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Questioning an Answer

By Noah I. Dauber

"We must search for answers," counseled the Reverend Edward Casey at the eulogy of 22-year-old Jeremy Giordano, one of the two victims in the recent "pizza killings." This is not all that unusual a thing to say at a funeral. Death often comes by surprise, leaving survivors to puzzle out a meaning. Somehow, though, this death is more capricious than most--more shocking in its suddenness. As Dennis O'Leary, the prosecutor assigned to the case, has said, "There's a randomness to it, I think that a lot of people find very unsettling and scary."

Indeed, without any motive, the facts are few: two teenagers, aged 17 and 18, lured two pizza delivery men out to a secluded house on Saturday, April 19th and shot them in the head and chest straight through their rolled-down car window. Both men were then dragged from the car and shot multiple times at point-blank range. The killers used stolen handguns, looted from a sporting goods store some days earlier. No money was taken from the delivery men and the pizzas were left untouched.

The police have resorted to pure speculation, suggesting that the teenagers killed the delivery men "just to see how it felt." But I have had much trouble with this conclusion. It leaves me unsatisfied not because it does not explain the teenagers' actions, but because it cannot explain the pizza deliverers' deaths.

The teenagers' actions are only one half of the question, and perhaps the less important part of the question at that. The newspapers are very concerned with this half, as is their business. After the who, what and when, come the stabs at why. The New York Times blames the killers' upbringing, the broken homes and (pushing their luck) even the fact that there is nothing for teenagers to do in Franklin, New Jersey. The Daily News stretches still further, blaming "gangsta rap."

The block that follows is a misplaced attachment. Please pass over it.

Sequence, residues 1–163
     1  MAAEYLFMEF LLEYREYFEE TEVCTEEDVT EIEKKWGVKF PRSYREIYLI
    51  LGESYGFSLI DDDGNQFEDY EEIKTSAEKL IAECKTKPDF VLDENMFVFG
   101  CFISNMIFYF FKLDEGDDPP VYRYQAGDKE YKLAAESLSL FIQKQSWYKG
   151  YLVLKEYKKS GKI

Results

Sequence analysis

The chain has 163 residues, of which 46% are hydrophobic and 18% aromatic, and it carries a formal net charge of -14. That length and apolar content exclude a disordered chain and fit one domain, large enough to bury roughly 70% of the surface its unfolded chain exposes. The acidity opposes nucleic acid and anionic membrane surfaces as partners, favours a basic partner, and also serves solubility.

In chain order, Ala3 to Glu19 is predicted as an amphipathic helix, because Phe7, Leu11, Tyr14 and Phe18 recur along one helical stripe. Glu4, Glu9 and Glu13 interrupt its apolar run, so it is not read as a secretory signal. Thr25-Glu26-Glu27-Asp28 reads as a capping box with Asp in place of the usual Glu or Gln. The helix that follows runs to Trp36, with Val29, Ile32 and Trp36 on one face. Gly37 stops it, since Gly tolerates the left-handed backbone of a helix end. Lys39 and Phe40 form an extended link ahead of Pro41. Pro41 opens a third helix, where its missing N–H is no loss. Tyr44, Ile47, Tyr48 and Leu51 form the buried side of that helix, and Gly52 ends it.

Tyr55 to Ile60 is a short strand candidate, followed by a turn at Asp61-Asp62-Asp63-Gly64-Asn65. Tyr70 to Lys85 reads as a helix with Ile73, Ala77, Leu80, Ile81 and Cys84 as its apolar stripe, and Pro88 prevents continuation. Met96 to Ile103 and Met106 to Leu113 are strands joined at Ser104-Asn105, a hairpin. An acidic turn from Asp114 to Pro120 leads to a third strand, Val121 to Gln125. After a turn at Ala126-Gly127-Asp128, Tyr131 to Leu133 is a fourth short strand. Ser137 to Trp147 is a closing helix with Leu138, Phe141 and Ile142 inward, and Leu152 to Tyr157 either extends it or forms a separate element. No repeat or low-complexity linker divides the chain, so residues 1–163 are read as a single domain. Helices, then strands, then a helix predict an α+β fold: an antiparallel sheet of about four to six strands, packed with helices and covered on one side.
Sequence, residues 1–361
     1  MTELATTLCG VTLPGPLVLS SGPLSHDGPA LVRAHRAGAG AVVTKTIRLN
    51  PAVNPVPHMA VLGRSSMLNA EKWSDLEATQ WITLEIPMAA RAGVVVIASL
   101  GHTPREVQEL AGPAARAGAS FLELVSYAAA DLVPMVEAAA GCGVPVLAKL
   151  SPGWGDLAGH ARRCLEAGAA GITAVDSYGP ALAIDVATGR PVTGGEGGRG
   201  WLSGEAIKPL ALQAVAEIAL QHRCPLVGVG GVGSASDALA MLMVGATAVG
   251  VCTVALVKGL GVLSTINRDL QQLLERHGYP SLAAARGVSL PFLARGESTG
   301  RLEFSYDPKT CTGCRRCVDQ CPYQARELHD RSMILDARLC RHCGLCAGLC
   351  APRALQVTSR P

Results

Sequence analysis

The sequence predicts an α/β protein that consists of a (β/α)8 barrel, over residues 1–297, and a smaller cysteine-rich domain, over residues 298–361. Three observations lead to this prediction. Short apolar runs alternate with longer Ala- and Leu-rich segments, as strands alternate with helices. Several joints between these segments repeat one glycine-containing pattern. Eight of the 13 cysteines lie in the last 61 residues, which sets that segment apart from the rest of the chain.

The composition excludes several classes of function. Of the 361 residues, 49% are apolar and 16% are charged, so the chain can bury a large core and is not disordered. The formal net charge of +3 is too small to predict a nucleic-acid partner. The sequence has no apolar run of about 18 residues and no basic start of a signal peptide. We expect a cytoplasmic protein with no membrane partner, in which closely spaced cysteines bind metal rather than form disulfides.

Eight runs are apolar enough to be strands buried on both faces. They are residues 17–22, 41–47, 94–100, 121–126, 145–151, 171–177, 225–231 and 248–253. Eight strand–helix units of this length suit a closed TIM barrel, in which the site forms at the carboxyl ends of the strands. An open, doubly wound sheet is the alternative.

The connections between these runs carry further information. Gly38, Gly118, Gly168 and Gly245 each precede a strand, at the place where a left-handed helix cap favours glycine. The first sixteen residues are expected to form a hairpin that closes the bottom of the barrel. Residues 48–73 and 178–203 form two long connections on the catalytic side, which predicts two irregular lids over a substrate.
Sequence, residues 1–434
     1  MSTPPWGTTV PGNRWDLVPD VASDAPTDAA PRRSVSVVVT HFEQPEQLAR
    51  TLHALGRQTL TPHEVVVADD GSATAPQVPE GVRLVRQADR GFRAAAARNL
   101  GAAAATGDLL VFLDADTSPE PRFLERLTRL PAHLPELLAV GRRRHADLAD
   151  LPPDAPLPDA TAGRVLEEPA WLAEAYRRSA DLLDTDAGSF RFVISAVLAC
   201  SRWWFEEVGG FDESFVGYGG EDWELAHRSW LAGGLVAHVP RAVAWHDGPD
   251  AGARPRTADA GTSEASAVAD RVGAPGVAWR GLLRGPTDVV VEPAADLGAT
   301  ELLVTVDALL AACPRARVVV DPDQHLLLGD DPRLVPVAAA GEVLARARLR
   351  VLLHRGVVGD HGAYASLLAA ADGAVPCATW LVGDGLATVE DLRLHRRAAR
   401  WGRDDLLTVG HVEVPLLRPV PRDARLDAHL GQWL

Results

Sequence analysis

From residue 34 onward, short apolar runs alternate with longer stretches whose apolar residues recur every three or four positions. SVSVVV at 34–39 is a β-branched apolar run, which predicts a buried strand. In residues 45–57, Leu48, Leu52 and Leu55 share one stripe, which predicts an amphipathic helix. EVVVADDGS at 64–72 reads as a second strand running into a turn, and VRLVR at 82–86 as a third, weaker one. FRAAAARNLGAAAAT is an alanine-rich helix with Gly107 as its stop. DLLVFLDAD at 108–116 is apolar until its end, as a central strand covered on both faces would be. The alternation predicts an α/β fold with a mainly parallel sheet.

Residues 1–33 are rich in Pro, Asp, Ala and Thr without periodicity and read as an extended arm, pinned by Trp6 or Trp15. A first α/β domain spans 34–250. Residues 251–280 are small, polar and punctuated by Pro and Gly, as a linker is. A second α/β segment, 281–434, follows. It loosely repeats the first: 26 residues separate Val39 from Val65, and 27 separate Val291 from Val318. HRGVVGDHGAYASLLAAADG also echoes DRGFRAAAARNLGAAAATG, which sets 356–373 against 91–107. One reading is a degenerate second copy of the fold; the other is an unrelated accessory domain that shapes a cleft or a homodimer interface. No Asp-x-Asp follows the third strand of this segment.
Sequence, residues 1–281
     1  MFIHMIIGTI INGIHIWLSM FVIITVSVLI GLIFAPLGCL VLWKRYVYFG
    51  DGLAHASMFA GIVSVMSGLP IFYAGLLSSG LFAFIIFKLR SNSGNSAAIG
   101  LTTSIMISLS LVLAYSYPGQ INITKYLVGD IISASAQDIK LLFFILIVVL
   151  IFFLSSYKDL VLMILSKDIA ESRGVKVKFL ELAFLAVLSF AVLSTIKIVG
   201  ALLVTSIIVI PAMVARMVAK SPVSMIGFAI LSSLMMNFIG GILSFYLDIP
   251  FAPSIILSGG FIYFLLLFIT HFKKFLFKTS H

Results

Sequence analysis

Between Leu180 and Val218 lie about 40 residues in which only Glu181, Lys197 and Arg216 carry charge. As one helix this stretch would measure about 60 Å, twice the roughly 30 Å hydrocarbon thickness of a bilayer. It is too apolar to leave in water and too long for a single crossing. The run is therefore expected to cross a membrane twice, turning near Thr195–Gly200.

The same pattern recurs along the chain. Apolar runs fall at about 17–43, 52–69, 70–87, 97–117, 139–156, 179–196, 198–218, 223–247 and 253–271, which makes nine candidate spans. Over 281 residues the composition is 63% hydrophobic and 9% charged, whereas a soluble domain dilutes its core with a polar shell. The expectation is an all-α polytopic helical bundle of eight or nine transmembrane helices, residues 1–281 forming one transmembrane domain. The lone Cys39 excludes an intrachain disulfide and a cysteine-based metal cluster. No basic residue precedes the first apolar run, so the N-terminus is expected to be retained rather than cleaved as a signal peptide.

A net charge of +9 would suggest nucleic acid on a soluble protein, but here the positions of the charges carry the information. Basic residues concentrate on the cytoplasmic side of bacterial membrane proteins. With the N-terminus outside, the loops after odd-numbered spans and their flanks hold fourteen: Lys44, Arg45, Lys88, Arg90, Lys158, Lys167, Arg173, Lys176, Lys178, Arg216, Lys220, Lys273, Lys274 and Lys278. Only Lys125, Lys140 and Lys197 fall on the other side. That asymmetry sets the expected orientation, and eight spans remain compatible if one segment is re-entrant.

I cannot make heads or tails of such explanations. All of them seem calculated at some political end or another, without offering much in the way of explanatory power. I think of this grasping at straws as some ploy to understand the world, to suggest that the elimination of broken homes would spell the end of evil.

The police have more of a handle on things. They state simply, with the criminologist's eye for psychology, that the boys killed to see how it felt. Here we have an entirely inward explanation, severed from the world at large as well as from the victims. In some sense this explanation is convincing as one female teenager from Franklin made clear on ABC: "That's something that not very many people in the world know what it feels like. They probably just wanted to know, see if they could get away with it, I guess."

How can curiosity account for the deaths of two young men? It may explain the actions of the teenagers, but it fails to reach beyond them. I am reminded of Kant on the existence of God, who explains that our thinking cannot wish God into existence. Nor can the thoughts of two teenagers explain the deaths of two other men.

Traditional motives weave killers and victims together. A social component may bridge the divide between the murderer's psychology and the reality of the victim's death. For instance, we may be satisfied that years ago a killer was wronged by a victim in a business dealing.

Without such a motive, the important question becomes: why these men in particular? Giordano's parents have had a remarkable response. "They are not very angry about this now," said Reverend Casey, "They're hoping and praying that, because this happened to their son, maybe that means it saved someone else."

There is a meaning to Giordano's death. Giordano in particular died so that another might live. This is the greatest of human sacrifices, to be understood through the sacrifice of Jesus. This is a response of tremendous humility and generosity.

Some will have difficulty with Giordano's parents' answer. They will find any attempt to explain the randomness of the modern world naive. On my more skeptical days, I have to agree. But I find some consolation in the Biblical story of Job, perhaps the unluckiest good man ever to have lived. When Job demands an explanation for his bad luck from God, a voice replies out of the whirlwind: "Where were you when I laid the earth's foundations? Who fixed its dimensions? Surely you know! Who stretched a measuring line over it? And on what do its supporting pillars rest?" Perhaps there is someone who understands, even if we do not.

Noah I. Dauber's column appears on alternate Tuesdays.

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